Tree of knowledge

The Tree of knowledge

Inspirational stories

We published last week two inspiring stories of faith and wisdom as well as love, laughter and life that offer us solutions to most of the modern-day problems. These stories have come down to us from our sages and seers, who since time immemorial have echoed the noble guidelines in human relationships through tales and parables apart from other forms of imparting knowledge. Here’s another two inspiring stories. Payerfulness is an intimate feeling: Tolstoy has written a beautiful story. He says that behind a mountain somewhere in Russia or China there were three saints. The Bishop of the town came to know about them and their fame, and he became a little jealous. So he went there, went right to the mountain with all his paraphernalia and pomp and show. When he arrived, the saints welcomed him. He felt a little better to see that they respected him. People who have an inferiority complex want respect. So the Bishop asked them, “Who made you saints? You have proclaimed yourselves saints. And then what is all this you are doing, calling so many people around you?”

The saints said, “No, Sir, we are just ordinary people. We tell these people not to come, but more and more they are not listening. The more we say not to come, the more they are coming. Please help us.” Now the Bishop felt even happier, so he said, “OK, what is it that you do here?” And the saints said, “We do some prayers.” He again said, “OK, what is the prayer you are doing?” In a church they would have set prayers. They repeat prayers from the Bible. So the Bishop said, “What prayer are you using? Say it and let me see if you are making a mistake or doing it correctly. I’ll guide you.” People who are misguided feel they want to guide others. Who is going to guide whom? These saints felt really ashamed to say their prayer.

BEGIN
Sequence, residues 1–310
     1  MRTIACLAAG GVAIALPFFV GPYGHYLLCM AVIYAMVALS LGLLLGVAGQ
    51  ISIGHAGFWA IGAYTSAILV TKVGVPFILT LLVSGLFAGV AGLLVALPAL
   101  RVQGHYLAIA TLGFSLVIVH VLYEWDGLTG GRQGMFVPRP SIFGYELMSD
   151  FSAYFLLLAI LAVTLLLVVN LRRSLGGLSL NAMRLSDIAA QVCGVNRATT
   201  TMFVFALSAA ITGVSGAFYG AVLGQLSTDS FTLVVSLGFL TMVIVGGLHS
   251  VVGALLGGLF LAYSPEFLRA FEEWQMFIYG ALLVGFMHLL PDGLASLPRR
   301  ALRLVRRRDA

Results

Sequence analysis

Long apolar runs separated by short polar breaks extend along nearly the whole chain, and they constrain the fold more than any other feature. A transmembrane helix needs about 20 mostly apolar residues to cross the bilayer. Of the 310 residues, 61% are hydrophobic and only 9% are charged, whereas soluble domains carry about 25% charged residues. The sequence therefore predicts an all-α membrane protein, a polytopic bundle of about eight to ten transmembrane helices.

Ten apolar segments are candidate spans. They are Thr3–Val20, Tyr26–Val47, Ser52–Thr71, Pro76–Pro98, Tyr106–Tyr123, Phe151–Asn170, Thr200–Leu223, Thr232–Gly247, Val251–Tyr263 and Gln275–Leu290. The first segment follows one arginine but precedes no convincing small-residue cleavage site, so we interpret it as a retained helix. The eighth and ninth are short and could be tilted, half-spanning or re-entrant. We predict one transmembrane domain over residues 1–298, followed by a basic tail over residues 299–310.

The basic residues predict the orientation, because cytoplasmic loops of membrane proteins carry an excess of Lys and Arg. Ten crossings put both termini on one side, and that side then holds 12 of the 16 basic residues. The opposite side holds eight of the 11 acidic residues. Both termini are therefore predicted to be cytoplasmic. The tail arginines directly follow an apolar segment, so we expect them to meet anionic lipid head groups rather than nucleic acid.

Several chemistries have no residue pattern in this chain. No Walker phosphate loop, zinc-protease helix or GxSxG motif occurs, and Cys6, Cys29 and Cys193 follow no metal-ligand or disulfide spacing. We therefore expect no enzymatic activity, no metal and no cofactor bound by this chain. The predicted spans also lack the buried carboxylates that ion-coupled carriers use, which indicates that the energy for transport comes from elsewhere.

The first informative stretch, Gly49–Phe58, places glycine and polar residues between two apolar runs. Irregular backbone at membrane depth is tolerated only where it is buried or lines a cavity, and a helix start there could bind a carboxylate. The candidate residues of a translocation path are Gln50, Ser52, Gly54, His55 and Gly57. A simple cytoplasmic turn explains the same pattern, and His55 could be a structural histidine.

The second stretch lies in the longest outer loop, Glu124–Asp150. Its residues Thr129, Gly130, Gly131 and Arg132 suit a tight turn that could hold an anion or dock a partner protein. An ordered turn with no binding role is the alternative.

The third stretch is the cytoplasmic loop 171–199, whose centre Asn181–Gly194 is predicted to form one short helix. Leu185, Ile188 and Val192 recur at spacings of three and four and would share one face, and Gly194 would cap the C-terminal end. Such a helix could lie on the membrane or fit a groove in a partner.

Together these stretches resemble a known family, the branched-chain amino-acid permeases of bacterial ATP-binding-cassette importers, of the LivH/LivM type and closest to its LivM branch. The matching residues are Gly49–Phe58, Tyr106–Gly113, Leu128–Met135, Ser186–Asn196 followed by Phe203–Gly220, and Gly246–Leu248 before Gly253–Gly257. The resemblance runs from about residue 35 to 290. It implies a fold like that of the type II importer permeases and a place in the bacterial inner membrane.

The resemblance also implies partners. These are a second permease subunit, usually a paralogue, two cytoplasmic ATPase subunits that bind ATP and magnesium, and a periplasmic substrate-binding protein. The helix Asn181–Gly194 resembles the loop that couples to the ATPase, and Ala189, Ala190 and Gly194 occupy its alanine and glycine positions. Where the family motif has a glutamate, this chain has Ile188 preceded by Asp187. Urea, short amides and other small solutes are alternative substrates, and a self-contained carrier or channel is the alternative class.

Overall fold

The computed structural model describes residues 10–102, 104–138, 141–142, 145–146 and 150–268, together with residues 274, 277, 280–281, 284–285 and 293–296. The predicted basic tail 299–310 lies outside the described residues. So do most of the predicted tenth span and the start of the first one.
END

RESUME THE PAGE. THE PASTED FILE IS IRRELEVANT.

They said, “How can we say the prayer, Sir? It is so personal, so intimate, we feel a little shy to say it.” But the Bishop insisted and so they said, “OK, this is what we pray. We say, ‘You are three, we are three. Please bless us. Let thy grace be on us. We are three, you are three.” The Bishop started laughing. He said, “What, is this prayer? Are you making a joke out of the whole thing?” Then he said, “Come, I will teach you a prayer.” So he dictated a long prayer with very tough words in it. When he had finished, these three illiterate saints could not understand it. Very politely they asked the Bishop, “Would you kindly repeat it for our sake, Sir?”